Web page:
ETF Teardown: Brazil's Top Stocks

Noted for their simplicity and other advantages over mutual funds, exchange-traded funds have become a popular investing tool. ETFs hold a collection of stocks that share certain elements and allow investors to get in early on what they believe are tomorrow's big trends.

Investors hunting for opportunity in the emerging economy of Brazil, for example, can turn to the iShares MSCI Brazil Index ETF, which counts Petroleo Brasileiro (NYSE: PBR  ) and Companhia Siderurgica Nacional (NYSE: SID  ) in its top holdings. But the broad diversity of many ETFs also limits your upside -- and investors may dilute stellar returns away from that one amazing company in the crowd.

Fear not, Fool -- in this edition of "ETF Teardown," we'll use some nifty tools to drill into the best investments in Brazil. To help, we'll use Motley Fool CAPS, our tool for screening and ranking stocks and stock pickers.

The power of tags
To help investors quickly locate great stocks, the nearly 5,400 stocks rated in CAPS can be "tagged" with descriptors that group the company with others sharing certain qualities -- "Bio-Pharmaceuticals," for example, or "Diversified Utilities."

Selecting the "Brazil" tag in CAPS gives you a list of 32 Brazilian investments that trade on American exchanges. This particular collection of investments has been hit hard in the past year, falling 43.6% versus an S&P loss of 38%.

Getting down to the nitty-gritty
Here are some highly-rated Brazilian stocks I've gleaned from CAPS today.

Company

CAPS
Rank (out of 5)

Industry

Banco Itau Holding Financeira (NYSE: ITU  )

*****

Banking Services

Vale (NYSE: RIO  )

*****

Iron Ore Production

Aracruz Celulose

****

Pulp Producer

Brasil Telecom Participacoes (NYSE: BRP  )

****

Telecommunications Services

Banco Itau
As one of Brazil’s largest private sector banks -- along with leader Banco Bradesco (NYSE: BBD  ) -- Banco Itau has plans to take advantage of current market turmoil by purchasing the loan portfolios of some of their less fortunate competitors, which have been pinched by the credit squeeze. The company has benefited from a huge demand in consumer loans in Brazil’s fast-growing economy at a time when U.S. and European banks are in peril. To help alleviate investors' fears in a turbulent financial sector, Banco Itau announced early a quarterly profit of nearly $776 million, 14.6% better than last year. More than 97% of the 544 CAPS members rating Banco Itau are bullish on the company.

Vale
Despite concerns about decreased demand for its iron ore as the financial crisis deepens, Vale has said it will not ship to China, its largest market, unless they agree to pay a 12% price increase. Even though steel production has declined in China as demand decreases, Vale believes it can hold off sales for a while in anticipation that some less efficient iron ore producers will fail, forcing steel producers to pay the higher cost.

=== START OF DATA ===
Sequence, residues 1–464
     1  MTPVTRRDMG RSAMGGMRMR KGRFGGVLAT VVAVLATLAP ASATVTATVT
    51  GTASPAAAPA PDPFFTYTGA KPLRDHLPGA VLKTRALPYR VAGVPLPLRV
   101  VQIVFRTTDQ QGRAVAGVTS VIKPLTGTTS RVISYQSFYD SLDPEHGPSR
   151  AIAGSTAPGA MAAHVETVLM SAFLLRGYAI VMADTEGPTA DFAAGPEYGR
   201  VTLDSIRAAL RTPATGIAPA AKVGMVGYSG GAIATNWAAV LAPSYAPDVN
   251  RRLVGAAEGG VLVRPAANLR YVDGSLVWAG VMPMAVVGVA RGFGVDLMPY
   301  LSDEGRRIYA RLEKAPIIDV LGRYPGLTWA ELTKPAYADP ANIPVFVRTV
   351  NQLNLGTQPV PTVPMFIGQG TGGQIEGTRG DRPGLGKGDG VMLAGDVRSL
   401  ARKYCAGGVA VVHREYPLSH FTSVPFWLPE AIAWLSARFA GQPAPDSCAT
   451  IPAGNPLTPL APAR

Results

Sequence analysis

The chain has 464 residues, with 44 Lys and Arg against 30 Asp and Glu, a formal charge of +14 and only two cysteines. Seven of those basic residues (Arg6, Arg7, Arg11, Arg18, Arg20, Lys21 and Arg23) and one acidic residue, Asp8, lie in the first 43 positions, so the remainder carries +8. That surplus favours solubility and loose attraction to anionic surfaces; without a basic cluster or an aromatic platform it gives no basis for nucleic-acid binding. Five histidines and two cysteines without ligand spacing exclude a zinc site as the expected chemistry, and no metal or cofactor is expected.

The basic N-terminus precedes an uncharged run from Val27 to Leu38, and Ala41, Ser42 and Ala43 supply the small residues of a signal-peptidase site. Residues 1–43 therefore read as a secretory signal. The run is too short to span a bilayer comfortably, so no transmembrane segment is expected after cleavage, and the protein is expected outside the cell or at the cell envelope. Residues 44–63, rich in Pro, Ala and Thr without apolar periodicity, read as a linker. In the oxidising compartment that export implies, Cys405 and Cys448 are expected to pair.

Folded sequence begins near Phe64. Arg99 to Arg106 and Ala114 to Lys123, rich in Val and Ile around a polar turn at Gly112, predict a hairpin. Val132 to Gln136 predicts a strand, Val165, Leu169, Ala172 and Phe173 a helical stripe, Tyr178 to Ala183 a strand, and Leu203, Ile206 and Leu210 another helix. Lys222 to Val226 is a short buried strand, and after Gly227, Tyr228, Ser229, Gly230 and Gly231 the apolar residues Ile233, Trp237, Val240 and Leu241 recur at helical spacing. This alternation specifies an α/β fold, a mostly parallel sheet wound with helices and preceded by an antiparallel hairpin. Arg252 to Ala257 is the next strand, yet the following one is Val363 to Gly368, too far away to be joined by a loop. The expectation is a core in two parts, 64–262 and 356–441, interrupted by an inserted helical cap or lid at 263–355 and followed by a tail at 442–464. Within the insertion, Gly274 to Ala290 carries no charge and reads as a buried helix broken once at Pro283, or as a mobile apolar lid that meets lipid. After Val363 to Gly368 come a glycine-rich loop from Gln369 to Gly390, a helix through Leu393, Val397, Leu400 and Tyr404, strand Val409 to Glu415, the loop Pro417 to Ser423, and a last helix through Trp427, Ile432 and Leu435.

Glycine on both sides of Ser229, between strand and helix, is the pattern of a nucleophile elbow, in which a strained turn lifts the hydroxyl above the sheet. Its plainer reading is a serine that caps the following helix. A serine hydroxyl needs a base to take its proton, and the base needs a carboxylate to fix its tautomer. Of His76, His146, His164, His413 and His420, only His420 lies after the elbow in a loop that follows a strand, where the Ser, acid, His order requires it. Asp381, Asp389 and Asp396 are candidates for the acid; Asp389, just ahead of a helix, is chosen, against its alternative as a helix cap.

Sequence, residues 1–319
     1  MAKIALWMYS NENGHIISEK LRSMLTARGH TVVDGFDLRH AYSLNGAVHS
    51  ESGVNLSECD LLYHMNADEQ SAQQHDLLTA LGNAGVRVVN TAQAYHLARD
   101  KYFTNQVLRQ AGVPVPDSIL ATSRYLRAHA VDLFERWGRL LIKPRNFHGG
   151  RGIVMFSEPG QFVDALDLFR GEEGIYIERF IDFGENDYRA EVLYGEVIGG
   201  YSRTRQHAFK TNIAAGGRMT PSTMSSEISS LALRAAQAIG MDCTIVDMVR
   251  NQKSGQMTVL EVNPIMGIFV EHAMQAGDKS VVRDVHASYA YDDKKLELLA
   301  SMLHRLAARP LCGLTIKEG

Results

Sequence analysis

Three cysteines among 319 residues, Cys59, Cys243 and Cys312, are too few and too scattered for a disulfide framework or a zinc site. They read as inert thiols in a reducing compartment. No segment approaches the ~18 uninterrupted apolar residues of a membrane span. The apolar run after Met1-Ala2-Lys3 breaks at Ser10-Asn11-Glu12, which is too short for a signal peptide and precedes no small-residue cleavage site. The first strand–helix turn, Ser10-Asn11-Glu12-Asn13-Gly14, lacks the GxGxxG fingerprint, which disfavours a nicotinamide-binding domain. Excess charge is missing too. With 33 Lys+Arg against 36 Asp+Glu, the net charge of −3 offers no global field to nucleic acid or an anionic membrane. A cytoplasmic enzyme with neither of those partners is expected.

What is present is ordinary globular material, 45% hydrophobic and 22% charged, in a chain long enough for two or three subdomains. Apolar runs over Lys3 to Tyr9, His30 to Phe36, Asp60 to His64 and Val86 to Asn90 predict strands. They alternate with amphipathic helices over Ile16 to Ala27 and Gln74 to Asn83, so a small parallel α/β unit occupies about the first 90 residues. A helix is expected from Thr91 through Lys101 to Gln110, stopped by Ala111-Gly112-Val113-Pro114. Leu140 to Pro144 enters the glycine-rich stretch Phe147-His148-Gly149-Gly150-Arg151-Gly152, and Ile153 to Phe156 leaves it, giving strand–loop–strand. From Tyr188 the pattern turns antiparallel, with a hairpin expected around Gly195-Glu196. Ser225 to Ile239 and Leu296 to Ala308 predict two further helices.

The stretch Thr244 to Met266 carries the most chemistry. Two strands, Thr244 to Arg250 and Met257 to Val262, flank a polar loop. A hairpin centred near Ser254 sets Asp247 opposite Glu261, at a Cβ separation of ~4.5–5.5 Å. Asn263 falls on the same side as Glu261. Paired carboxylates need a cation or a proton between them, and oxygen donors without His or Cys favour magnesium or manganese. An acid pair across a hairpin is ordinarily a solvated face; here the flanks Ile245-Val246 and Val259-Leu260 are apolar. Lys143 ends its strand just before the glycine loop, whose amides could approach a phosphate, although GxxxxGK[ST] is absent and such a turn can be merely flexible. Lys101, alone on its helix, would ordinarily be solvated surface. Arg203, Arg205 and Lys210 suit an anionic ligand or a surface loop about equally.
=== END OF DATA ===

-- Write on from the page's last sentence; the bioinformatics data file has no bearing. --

As the largest iron ore producer in the world, Vale faces plenty of rising competition, even in its own backyard. Recently, Brazilian steelmaker Companhia Siderurgica Nacional sold a 40% stake in its Namisa iron ore mine to a consortium of Asian companies. But CAPS members largely believe Vale will hold its ground, with nearly 98% of the 5,755 who've rated Vale believing it will outperform the broader market.

Aracruz Celulose
Financial companies aren't the only ones stinging from hedging activities lately -- volatility in exchange rates have hit Brazilian firms such as poultry producer Sadia (NYSE: SDA  ) and pulp producer Aracruz.  Earlier in the month, Aracruz announced it would lose $951 million at current market prices because of its foreign exchange derivatives. Subsequent credit downgrades have helped knocked shares of Aracruz way down -- more than 60% in the past month. But despite the pessimistic price move, the company still has fans -- 260 out of 273 total CAPS members rating the company believe it will outperform the market.

Brasil Telecom Participacoes
Brasil Telecom Participacoes, which holds a controlling stake in Brazil's third-largest fixed-line telecom operator, announced third-quarter net revenue of about $1.3 billion, up 3.4% over the third-quarter in 2007. Even better, net income rose more than 9% over the same quarter last year. The company is on the upswing by operating more efficiently and controlling its revenue costs, which have declined consecutively over the last several years -- 64% in 2005, 63% in 2006 and 58% in 2007. Nearly 97% of the 363 CAPS members rating Brasil Telecom believe the company will outperform the overall market going forward.

Lead a horse to water ...
Plucking individual stocks from any region is, of course, a high-risk endeavor. Investors should always perform their own due diligence on companies rather than take a recommendation. Even the best stock pickers can be horribly wrong.

Do you agree that there are beaten down values in Brazil? Give your opinion at Motley Fool CAPS.

Motley Fool Global Gains is yet another Foolish resource to help you find promising investment opportunities beyond our borders. Check out what stocks the analyst team is picking today with a test drive that is totally free for 30 days.

Fool contributor Dave Mock loves doing the teardown part -- it's the put-back-together part he hates. He owns no shares of companies mentioned here. Sadia is a Hidden Gems recommendation. Petroleo Brasileiro is an Income Investor selection. Try any of our Foolish newsletters today, free for 30 days. The Fool's disclosure policy was bummed that it couldn't link hands around the world for obvious anatomical reasons.


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